Longitudinal blood sampling and analysis shows robust antibody and early B cell response to mRNA-1273 vaccine. a, Study design with serial blood draws and assays performed at all timepoints on SARS-CoV-2-uninfected vaccinees (n = 21) receiving two doses of the mRNA-1273 vaccine. b, Serum IgG, IgA and IgM binding to S-2P and RBD proteins measured by electrochemiluminescence (ECLIA) longitudinally (left panels), and corresponding histogram and distribution (based on kernel density estimates) at the last timepoint (v2D28) (right panels). c, Peak serum IgG, IgA and IgM binding to S-2P, RBD and N proteins measured by ECLIA in vaccinees (V; n = 21) and COVID503 19 patients (P; n = 21), shown as boxplots. d, Triangular heatmap of correlation between serum antibodies at last measured timepoint (v2D28) in (b). Numbers represent r values. Statistically insignificant correlations (p > 0.05) shown in white. e, Longitudinal inhibition of RBD binding to ACE2 by serum (1:40 dilution) of vaccinees (n = 21). f, Longitudinal binding of S1 and RBD tetramers to PB and IgG+ 507 B cells by flow cytometry shown for a high responder (VAC-611; Extended Data Table 1). Numbers in each quadrant are percentages. Each vaccinee is color509 coded and second vaccine dose indicated by vertical dotted line (b,e). Mann-Whitney test; ****, p < 0.0001 (c). Spearman’s rank correlation (d). AU, arbitrary units; D, day; N, nucleocapsid; ns, not significant; P, patients with severe COVID-19; PB, plasmablasts; RBD, receptor binding domain; S1, spike subunit 1; S-2P, stabilized spike trimer; v, vaccine dose; V, vaccinees.

Longitudinal tracking revealed differences in B cell responses following each vaccine dose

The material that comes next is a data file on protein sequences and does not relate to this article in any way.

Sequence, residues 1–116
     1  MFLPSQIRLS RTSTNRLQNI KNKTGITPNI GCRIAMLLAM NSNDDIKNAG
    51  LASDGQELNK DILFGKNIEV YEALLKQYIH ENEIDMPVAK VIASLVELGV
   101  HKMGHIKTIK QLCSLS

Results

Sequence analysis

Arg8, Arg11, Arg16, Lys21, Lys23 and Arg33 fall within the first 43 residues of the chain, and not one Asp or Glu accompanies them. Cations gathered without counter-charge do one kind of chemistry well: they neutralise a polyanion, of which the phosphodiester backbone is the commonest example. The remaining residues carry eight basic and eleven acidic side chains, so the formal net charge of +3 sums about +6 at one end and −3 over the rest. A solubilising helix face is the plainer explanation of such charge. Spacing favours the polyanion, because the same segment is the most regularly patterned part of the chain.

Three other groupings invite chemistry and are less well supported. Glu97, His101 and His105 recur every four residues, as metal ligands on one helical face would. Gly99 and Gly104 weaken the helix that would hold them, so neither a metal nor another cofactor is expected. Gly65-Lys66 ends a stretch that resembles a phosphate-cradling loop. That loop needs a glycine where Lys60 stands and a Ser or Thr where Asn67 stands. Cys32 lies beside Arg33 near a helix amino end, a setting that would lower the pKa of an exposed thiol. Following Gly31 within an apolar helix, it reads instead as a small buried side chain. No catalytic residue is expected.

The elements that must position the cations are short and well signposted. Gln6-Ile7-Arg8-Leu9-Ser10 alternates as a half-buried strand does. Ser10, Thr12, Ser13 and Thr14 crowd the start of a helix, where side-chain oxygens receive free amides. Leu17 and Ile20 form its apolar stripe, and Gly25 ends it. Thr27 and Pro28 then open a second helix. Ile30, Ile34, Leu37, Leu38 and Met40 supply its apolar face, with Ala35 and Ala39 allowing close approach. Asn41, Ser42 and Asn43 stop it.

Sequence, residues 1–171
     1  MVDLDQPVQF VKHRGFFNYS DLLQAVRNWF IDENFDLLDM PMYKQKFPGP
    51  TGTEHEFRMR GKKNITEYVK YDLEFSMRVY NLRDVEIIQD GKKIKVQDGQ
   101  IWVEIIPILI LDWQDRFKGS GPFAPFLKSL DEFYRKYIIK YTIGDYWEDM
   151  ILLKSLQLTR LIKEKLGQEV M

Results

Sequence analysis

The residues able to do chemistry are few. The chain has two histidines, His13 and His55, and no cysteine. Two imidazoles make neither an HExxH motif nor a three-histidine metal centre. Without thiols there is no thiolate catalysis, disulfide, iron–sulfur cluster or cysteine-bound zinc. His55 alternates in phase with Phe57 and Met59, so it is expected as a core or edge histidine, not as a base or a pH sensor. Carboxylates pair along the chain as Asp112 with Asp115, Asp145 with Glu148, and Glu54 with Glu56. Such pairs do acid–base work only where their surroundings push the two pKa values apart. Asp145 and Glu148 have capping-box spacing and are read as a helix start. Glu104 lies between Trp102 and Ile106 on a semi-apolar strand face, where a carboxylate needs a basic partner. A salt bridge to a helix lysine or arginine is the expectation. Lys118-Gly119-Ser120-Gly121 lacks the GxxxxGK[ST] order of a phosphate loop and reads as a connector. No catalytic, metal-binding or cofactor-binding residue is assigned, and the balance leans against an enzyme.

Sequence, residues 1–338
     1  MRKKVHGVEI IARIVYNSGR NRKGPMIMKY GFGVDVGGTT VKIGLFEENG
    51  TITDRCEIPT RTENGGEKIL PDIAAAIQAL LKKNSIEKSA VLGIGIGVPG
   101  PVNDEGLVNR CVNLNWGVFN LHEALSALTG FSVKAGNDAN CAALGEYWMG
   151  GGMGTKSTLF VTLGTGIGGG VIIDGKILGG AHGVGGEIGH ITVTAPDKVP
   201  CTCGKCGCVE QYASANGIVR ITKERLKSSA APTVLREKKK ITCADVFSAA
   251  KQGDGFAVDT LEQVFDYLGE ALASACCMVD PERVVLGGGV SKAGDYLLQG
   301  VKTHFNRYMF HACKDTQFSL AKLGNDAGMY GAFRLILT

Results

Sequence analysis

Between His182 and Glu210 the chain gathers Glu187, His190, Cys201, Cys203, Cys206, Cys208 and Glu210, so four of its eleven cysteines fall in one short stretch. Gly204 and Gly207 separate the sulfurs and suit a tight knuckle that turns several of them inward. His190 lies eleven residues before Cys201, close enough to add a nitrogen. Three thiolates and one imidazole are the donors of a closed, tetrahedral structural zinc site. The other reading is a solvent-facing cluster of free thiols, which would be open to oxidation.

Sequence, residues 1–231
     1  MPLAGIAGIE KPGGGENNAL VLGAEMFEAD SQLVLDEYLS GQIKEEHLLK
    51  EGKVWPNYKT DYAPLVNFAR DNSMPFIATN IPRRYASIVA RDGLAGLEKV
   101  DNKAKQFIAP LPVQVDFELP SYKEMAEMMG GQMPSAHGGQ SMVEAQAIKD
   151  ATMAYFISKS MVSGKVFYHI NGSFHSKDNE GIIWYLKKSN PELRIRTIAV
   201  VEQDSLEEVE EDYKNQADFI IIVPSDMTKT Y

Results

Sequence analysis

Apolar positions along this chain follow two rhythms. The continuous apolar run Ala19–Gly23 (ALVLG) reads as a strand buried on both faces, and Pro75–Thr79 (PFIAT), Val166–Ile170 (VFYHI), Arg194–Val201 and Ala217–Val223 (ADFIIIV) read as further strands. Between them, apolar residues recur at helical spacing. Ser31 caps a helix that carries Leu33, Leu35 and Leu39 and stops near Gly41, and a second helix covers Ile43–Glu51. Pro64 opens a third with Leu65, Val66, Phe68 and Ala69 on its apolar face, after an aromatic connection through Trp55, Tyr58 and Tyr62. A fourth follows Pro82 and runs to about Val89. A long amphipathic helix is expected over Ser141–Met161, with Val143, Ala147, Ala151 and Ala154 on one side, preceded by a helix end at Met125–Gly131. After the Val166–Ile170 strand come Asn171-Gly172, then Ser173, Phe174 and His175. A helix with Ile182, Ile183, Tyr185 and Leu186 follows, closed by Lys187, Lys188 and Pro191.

Longitudinal tracking of the vaccinees revealed that RBD+S1+ PBs were first detected at day ten following the first vaccine, with levels of these PBs then subsiding up to five to seven days following the second vaccine.

By contrast, RBD+S1+ MBCs became visible at day 14 following the first vaccine and intensified following the second.

Levels of nonconventional MBC clusters C3 and C6 decreased after each vaccine, while the PB clusters C9 and C13 and the IgA pre-vaccination baseline PB C12 sharply increased.

Spike-specific B cell frequencies showed varying patterns of temporal responses. Two-peak responses were observed for the PB clusters C9 and C13 and the nonconventional MBC clusters C11 and C6, with stronger increases following the second versus first vaccine.

At day 10 following the first vaccine, both C9 and C13 were positively associated with both anti-RBD and anti-S-2P IgA titers, while MBC clusters C3, C11, and C24 were positively associated with anti-S-2P IgG titers as early as day 7.

At day 7 and day 10 following the second vaccine, C9 correlated with anti-RBD IgG and IgA titers, while C13 correlated with anti-S-2P IgA titers at day 7.

These signatures could help predict serological efficacy of mRNA vaccines

“Together, our analyses revealed both antigen non-specific and spike-specific predictive signatures of antibody responses,” writes Moir and colleagues.

“These signatures could help predict and monitor the serological efficacy of SARS-CoV-2 mRNA vaccines and pave the way to a better understanding of weakened responses to this novel vaccine platform, such as those associated with age and chronically compromised immune systems,” concludes the team.

*Important Notice

medRxiv publishes preliminary scientific reports that are not peer-reviewed and, therefore, should not be regarded as conclusive, guide clinical practice/health-related behavior, or treated as established information.

Journal reference:
  • Moir S, et al. Pre-vaccination and early B cell signatures predict antibody response to SARS-CoV-2 mRNA vaccine. medRxiv, 2021. doi: https://doi.org/10.1101/2021.07.06.21259528, https://www.medrxiv.org/content/10.1101/2021.07.06.21259528v1

Posted in: Medical Research News | Disease/Infection News

Tags: ACE2, Antibodies, Antibody, Antigen, Biotechnology, Blood, C9, Cell, Coronavirus, Coronavirus Disease COVID-19, Cytometry, Efficacy, Flow Cytometry, immunity, Immunoglobulin, Lymph Nodes, Protein, Receptor, Research, Respiratory, RNA, SARS, SARS-CoV-2, Severe Acute Respiratory, Severe Acute Respiratory Syndrome, Spike Protein, Syndrome, Transplant, Vaccine

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Sally Robertson

Sally first developed an interest in medical communications when she took on the role of Journal Development Editor for BioMed Central (BMC), after having graduated with a degree in biomedical science from Greenwich University.